North Carolina Housing Market Is Growing, But So Are Costs
The laid-back lifestyle and mild climate of North Carolina are big draws for homebuyers, along with low taxes, opportunities for outdoor pursuits like hiking and rafting, a solid brewery scene, and college sports galore. And the state’s popularity only continues to grow among all age groups.
Recently, Charlotte snagged the number-six spot on the U.S. News & World Report’s 2020-2021 Best Places to Live list—an index that ranks cities on their value, desirability, job market, and quality of life—and Raleigh-Durham came in at 11. Both are also part of a group of “18-hour cities” in which the downtown areas are bustling beyond the typical workday hours, and these locations are increasingly popular with millennials.
Not only that, but the two locales are considered prime picks for retirees, along with Asheville. Plus, Raleigh has gained attention in recent years for a boom in technology jobs, garnering the nickname “the Bay Area of the East Coast.”
Compared to 2019, housing prices are up nearly 11% in Charlotte and 14% in Raleigh, respectively. The demand is also high, with homes only staying on the market for an average of six days as opposed to 11 last year. This may be partly because buyers get so much bang for their buck: at the end of August 2020, the median home value statewide was $214,726, a six percent increase year over year, but still well below the national median home price of $310,600.
Unlike more densely-populated urban regions like New York and San Francisco where the COVID-19 pandemic has prompted residents to seek areas with more space, the generally suburban landscape of North Carolina means that the housing market has remained relatively stable throughout the crisis.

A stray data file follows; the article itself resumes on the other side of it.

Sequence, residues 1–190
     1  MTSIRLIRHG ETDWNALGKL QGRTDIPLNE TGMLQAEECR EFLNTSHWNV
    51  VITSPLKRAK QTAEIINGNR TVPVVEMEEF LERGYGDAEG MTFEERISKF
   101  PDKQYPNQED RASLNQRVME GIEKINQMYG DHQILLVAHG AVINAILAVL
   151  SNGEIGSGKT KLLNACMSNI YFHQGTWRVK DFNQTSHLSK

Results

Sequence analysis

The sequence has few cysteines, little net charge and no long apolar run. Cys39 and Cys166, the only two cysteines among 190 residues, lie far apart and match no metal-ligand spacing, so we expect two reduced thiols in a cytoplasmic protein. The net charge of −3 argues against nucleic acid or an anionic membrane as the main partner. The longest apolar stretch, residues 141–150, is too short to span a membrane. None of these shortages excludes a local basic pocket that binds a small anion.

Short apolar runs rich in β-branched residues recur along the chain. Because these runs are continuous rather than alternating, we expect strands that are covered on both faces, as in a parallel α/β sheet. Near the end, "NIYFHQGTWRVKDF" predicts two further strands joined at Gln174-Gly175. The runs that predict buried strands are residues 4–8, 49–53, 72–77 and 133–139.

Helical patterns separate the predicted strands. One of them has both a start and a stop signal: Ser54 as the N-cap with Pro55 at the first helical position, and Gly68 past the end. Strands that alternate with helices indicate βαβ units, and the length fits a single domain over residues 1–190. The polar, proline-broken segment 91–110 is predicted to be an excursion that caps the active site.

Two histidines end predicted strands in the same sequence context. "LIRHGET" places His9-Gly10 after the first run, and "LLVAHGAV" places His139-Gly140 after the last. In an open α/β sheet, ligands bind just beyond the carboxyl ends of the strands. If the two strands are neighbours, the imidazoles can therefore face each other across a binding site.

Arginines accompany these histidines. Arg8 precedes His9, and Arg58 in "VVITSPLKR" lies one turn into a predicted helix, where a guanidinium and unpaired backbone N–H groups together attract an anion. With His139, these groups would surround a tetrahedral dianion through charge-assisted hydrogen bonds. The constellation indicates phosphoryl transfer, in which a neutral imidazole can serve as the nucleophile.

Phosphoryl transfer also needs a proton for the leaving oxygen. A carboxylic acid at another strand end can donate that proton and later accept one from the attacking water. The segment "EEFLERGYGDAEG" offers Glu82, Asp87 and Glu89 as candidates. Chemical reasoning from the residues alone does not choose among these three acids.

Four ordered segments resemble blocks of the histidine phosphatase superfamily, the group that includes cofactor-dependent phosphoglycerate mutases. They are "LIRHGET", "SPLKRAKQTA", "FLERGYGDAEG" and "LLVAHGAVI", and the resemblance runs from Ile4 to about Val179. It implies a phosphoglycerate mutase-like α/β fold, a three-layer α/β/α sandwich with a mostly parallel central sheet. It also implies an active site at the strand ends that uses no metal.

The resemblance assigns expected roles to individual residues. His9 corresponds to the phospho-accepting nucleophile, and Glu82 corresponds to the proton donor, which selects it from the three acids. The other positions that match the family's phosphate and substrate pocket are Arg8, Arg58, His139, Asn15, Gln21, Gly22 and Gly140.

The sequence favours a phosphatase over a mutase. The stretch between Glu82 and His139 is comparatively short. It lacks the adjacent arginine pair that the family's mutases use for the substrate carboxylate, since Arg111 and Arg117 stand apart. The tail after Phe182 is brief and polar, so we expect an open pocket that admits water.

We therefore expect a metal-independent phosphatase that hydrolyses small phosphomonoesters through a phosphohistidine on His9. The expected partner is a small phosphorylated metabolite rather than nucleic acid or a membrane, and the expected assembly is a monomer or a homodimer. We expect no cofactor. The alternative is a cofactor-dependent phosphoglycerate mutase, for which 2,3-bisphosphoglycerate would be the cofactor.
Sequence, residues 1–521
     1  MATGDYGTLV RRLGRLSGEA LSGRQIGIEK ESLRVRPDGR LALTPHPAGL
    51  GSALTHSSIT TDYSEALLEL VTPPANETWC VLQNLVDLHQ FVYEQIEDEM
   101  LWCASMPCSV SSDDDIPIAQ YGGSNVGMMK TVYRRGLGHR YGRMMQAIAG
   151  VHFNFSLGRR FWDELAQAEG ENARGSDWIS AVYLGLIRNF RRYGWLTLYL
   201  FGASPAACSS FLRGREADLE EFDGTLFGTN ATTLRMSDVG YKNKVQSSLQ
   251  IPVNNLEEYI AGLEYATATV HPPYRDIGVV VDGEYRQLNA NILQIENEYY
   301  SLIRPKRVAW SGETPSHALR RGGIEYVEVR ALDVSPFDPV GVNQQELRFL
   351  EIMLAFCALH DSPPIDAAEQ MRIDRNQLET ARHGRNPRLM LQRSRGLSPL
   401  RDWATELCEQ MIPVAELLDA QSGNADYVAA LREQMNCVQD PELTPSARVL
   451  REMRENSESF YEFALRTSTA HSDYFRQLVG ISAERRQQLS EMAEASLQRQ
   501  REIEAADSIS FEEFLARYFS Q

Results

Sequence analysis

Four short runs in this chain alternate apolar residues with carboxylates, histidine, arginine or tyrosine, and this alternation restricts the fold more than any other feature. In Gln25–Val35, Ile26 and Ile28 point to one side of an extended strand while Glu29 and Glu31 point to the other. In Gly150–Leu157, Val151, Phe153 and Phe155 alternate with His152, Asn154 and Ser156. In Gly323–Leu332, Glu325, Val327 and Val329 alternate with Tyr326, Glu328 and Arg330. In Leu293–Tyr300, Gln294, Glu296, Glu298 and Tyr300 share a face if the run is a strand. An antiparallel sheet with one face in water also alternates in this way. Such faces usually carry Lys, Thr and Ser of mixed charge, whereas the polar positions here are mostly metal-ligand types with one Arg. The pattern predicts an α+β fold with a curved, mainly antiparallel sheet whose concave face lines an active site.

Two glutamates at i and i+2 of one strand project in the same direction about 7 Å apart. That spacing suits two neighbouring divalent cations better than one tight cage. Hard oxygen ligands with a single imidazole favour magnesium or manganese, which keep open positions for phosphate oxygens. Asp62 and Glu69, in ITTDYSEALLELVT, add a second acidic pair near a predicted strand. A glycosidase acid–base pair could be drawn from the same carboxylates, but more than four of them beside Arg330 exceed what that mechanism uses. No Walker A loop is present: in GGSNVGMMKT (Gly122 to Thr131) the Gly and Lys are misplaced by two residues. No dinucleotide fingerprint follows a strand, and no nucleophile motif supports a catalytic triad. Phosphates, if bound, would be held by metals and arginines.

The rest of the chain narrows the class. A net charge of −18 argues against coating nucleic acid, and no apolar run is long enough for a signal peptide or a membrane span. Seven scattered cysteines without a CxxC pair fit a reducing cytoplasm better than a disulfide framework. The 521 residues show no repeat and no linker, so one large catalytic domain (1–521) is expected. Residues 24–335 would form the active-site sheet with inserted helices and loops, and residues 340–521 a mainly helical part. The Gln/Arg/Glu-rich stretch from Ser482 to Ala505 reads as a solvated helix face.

“Everyone’s trying to get to a city that is a little more spread out, but yet offers some of those same things as those more populated cities,” real estate agent Laura Peed explained to WTVD, noting that both local and out-of-state buyers are competing for properties.
The construction industry is responding in kind. According to a recent survey of the 80 largest markets in the nation, Raleigh-Durham was ranked number one and Charlotte was ranked number 11 for expected construction growth in 2021.
Everyday Expenses Add Up
Yet, for residents, the rising costs of day-to-day life still prove to be a challenge. In Wake County, which includes Raleigh-Durham, housing prices have increased 1.7 times more than incomes in the past five years, and 66% of Charlotte homeowners reported that housing costs were rising more rapidly than their incomes. Also in Charlotte, a whopping 85% felt that home maintenance costs were moderately to extremely stressful.
“When their housing eats so much of their income, they have to do without in other areas,” Kathryn Sabbeth, a UNC-Chapel Hill housing law professor told The Herald. “If you’re spending 50 or higher percent of your income on housing, you have less money left over for clothing, food, school supplies.”
Fortunately, working with a home equity investor like Hometap can help North Carolina homeowners access the equity they’ve built in their homes and pay for necessary expenses without having to sell their house.
Find out if a Hometap Investment can help you pay off debts, accomplish financial goals, and live a more enjoyable and less stressful life in your North Carolina home.
Take our five-minute quiz to see if a Hometap Investment might be a good fit for you.
YOU SHOULD KNOW
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